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BBC in the news, Wednesday

Host Host | 11:06 UK time, Wednesday, 11 July 2007

Financial Times: Reports on a speech made by Mark Thompson in which he attacks commercial rivals for the declining quality of their news and current affairs output, saying that if it weren't for the BBC some foreign stories would go uncovered. (link)

Daily Mail: Columnist Stephen Glover criticises the coverage that Alistair Campbell's recently published diaries received on the BBC. (link)


  • 1.
  • At 12:01 PM on 11 Jul 2007,
  • Richard wrote:

The article entitled "Could the UK face 'cyber attack'?" was good but the fact is: The entire internet infrastructure based on TCP/IP must be replaced. It is, and always has been, an INTRA-net architecture which contains a fatal flaw in its 'connect' API call.

Your piece on female genital mutilation was very upsetting. However, it is a mystery to me how people who deplore this custom are often silent on the issue of male genital mutilation (i.e., male circumcision). While female genital modification may -- in its worst forms -- result in greater future dysfunction, involuntary male circumsion is indistinguishable from an ethical, legal and medical standpoint. No child, male or female, should be assaulted by an adult with a knife or scalpel, for purely social or cosmetic reasons.

  • 3.
  • At 04:43 PM on 11 Jul 2007,
  • Gareth Mead wrote:

Rather ironic that Mark Thompson attacks commercial rivals for the quality of their news given the increasing resemblance of BBC Online's stories to those of the Metro newspaper! Come on BBC Online, sort it out and do some reporting of your own!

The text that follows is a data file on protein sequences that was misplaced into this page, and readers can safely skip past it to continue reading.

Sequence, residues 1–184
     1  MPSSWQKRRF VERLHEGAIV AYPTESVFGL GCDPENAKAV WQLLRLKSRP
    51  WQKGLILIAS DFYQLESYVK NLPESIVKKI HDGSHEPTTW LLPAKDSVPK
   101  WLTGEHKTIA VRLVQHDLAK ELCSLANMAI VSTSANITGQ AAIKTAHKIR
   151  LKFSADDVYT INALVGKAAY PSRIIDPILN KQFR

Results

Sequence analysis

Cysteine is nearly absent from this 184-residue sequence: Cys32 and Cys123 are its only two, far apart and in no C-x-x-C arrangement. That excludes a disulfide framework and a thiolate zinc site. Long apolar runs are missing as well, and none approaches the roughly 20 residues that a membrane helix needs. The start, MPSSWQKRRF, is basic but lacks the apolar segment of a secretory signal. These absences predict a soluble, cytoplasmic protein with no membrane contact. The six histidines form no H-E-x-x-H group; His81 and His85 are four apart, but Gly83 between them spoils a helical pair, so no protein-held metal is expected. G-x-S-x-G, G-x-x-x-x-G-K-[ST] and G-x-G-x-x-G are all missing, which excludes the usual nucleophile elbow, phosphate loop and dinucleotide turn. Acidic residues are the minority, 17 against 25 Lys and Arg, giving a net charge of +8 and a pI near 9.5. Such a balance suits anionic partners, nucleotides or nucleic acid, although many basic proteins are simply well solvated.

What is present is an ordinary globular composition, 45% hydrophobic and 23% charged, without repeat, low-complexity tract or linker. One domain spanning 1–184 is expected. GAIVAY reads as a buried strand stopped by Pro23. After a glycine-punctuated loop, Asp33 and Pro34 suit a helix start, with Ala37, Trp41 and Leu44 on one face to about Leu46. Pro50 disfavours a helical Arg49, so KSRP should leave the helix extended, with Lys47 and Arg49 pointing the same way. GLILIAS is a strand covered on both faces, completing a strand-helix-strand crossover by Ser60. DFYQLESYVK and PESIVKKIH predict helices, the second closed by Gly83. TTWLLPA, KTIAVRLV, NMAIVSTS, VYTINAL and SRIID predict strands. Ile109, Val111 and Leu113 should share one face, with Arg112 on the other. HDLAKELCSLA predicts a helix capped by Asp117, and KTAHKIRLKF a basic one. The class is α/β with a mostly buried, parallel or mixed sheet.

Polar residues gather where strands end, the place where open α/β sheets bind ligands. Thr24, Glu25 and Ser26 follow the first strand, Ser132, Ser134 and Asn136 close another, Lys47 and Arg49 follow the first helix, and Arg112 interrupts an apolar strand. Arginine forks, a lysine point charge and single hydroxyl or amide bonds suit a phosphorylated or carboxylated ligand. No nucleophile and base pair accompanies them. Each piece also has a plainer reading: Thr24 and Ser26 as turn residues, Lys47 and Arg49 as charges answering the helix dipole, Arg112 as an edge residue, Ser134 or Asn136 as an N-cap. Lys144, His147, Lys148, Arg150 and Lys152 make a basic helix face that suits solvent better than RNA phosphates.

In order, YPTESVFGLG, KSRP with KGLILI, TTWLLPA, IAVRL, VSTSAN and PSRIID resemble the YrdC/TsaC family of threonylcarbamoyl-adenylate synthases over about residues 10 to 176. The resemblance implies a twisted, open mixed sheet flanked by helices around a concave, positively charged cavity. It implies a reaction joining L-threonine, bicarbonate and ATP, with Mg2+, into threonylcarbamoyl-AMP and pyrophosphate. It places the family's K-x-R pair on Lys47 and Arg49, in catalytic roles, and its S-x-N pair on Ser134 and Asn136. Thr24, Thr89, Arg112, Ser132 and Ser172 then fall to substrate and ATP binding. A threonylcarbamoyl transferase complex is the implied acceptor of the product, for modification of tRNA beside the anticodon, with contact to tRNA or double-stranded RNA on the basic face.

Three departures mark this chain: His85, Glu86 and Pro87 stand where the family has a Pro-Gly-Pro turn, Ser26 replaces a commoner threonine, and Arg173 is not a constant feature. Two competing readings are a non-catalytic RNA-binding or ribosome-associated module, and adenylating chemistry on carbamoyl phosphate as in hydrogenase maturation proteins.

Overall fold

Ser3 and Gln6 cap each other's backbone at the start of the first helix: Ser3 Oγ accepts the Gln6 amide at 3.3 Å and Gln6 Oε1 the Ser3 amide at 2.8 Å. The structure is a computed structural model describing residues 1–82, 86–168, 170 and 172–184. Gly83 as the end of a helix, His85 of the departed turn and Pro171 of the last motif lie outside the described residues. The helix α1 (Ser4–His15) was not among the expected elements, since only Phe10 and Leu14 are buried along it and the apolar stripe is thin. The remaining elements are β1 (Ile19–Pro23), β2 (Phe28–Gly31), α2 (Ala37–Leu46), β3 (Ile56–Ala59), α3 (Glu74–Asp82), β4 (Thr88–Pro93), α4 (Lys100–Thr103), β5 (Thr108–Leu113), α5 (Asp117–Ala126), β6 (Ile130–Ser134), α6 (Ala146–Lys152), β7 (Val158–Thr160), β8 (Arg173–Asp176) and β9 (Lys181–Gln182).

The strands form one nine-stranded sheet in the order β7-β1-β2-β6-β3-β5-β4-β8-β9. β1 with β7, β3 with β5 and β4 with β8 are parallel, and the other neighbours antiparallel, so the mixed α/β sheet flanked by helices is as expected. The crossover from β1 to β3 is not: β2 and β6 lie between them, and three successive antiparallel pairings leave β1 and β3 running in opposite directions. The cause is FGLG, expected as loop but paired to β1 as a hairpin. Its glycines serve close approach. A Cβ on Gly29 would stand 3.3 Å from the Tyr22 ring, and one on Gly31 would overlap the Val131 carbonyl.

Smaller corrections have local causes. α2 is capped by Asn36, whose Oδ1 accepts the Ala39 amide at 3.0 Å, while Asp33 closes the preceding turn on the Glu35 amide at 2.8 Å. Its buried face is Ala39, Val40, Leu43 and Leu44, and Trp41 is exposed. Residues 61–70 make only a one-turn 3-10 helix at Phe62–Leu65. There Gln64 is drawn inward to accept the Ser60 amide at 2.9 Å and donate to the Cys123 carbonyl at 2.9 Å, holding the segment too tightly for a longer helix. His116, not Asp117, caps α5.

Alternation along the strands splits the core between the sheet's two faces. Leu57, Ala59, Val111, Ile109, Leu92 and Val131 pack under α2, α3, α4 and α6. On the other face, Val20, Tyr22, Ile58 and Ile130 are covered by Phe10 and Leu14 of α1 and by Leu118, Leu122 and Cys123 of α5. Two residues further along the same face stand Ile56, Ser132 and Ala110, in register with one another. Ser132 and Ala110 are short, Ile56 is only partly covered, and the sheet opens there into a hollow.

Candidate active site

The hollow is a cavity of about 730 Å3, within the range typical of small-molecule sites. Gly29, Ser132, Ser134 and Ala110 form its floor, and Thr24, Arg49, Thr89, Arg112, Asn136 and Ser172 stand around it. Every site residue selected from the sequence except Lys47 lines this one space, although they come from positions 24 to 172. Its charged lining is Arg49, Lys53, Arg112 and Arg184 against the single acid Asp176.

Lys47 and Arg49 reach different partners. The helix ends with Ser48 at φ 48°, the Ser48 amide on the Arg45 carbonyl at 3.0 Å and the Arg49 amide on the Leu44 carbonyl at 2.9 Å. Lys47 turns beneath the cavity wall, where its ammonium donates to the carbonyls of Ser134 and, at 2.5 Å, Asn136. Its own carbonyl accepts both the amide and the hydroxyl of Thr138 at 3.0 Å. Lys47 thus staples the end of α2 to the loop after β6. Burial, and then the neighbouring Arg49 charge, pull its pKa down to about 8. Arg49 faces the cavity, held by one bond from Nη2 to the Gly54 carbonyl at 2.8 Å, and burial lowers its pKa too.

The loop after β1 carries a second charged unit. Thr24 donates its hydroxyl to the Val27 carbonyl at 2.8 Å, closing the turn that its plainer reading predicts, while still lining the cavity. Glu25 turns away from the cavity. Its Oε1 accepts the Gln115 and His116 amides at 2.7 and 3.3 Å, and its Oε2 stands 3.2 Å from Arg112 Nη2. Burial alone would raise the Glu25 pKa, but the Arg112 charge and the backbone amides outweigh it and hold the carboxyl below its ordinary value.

• 4.
  • At 09:02 PM on 12 Jul 2007,
  • J Westermanj wrote:

The more we see of the infighting between the various sections of the media the better it will be.
It helps to publicize Tony Blair's point doesn't it.

  • 5.
  • At 10:18 PM on 12 Jul 2007,
  • not even a republican wrote:

Enough with the stories about the queen and the photographer. Nobody cares.

  • 6.
  • At 10:00 AM on 13 Jul 2007,
  • Brian Edwards wrote:

The public apology by the BBC to the appalling embarrasment to The Queen did not in my opinion go far enough.Peter Finchman BBC1 Controller did not come across as very embarrased or particularly sorry about what had happened.In the news item I saw he apologised for the eror of not double- checking and not for the embarrassment caused to The Queen or for the breach of public trust.If you can't trust the BBC to get it right who can you trust?
This does raise issues of public accoutability,responsiblity and control in the use of external production copmanies

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